5. Try a Little Tenderness: He's a cover of the famous song that dates back to 1932 and was recorded by Ray Nobel Orchestra. There exists many other versions, but this arrangement in my opinion, drunfs them. Even the Jackie Wilson, Sam Cooke and Sinatra versions. The building of this song, the tension added, not one second isn't necessary to this songs progression. It's like a movie that cut the fat and only left in everything needed to get from point A to point B, but in the best possible way.... possible. I love the keys, the organ's fucking great and I love the piano in this. Isaac did a great job and the horns fucking work and there's a sort of sigh of relief and ease the pressure after that fucking drop of the title. Maybe it's because I'm stupid, but I can't really think of many songs that are this effective. This really is a masterpiece of a song and arrangement, and also not to mention execution. The only complaint is the version I got his this dead air in the track and I feel it kinda takes away a bit, but once you can't hear it it's fine (and it's the worst for this track).
  6. Day Tripper: This is a cover of the 1965 Beatles pop rock classic. Now to be completely honest,  I prefer this to his cover of Satisfaction. I like the bass in this, and it's nice to hear a different take no this track other than the one I've come to be able to play in my head without even hearing a second of it. I mean, this is much more soul and gospel inspired than the original acid/rock version. I mean I do prefer the original, but this still is a neat rendition that works and is pretty fun.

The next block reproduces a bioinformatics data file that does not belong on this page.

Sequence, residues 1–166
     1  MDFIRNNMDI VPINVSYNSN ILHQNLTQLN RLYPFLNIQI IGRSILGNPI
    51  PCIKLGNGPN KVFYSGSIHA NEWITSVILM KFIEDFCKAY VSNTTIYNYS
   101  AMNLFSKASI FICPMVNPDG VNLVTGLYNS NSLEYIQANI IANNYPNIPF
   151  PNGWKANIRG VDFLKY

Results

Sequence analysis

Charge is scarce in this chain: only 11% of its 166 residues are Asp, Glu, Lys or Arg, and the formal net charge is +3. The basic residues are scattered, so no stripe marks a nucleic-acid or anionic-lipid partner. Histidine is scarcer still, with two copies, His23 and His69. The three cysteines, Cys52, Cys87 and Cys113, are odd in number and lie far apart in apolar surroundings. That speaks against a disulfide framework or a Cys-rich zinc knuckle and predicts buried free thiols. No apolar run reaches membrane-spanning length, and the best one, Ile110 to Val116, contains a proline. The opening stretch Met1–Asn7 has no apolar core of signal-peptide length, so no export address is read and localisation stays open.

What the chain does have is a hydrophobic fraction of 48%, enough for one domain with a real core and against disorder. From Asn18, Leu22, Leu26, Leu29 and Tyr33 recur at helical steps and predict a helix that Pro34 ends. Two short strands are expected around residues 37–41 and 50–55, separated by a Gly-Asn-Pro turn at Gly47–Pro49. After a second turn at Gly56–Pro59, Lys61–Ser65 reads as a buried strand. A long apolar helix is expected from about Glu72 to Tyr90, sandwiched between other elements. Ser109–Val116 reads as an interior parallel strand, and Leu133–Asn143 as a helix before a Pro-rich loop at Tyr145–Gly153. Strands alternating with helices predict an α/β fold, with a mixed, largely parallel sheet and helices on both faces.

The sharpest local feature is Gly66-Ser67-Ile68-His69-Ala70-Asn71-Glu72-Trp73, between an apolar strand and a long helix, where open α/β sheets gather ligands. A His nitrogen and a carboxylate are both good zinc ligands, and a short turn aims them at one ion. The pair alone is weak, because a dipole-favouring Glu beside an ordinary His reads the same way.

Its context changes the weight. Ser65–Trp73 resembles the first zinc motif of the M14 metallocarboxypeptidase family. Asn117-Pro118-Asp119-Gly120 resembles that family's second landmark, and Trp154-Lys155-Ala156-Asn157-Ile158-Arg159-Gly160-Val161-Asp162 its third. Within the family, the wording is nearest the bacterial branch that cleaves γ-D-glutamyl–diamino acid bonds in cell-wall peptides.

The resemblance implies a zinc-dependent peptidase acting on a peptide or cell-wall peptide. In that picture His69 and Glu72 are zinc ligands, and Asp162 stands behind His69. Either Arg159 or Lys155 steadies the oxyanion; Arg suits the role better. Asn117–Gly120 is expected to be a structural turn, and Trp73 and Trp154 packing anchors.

7. My Lover's Prayer:  This opens side 2 and is a soft ballad type song. If you've heard It's Too Late or I've Been Lovin' You Too Long then you'll know how this sounds. I do like this track, but I don't have much to describe this with. It's solid and has some nice arpeggios and it's a sweet soulful song, but I just don't connect with it the way I do some others.
  8. She Put the Hurt on Me: This has a great groove, and some nice rotor organ on it. But other than that I can't say much that I haven't already said about the other songs. This isn't that distant a cousin of earlier grooves. I like the pronounced bass on this though. This feels a bit more fun though, like goofy maybe....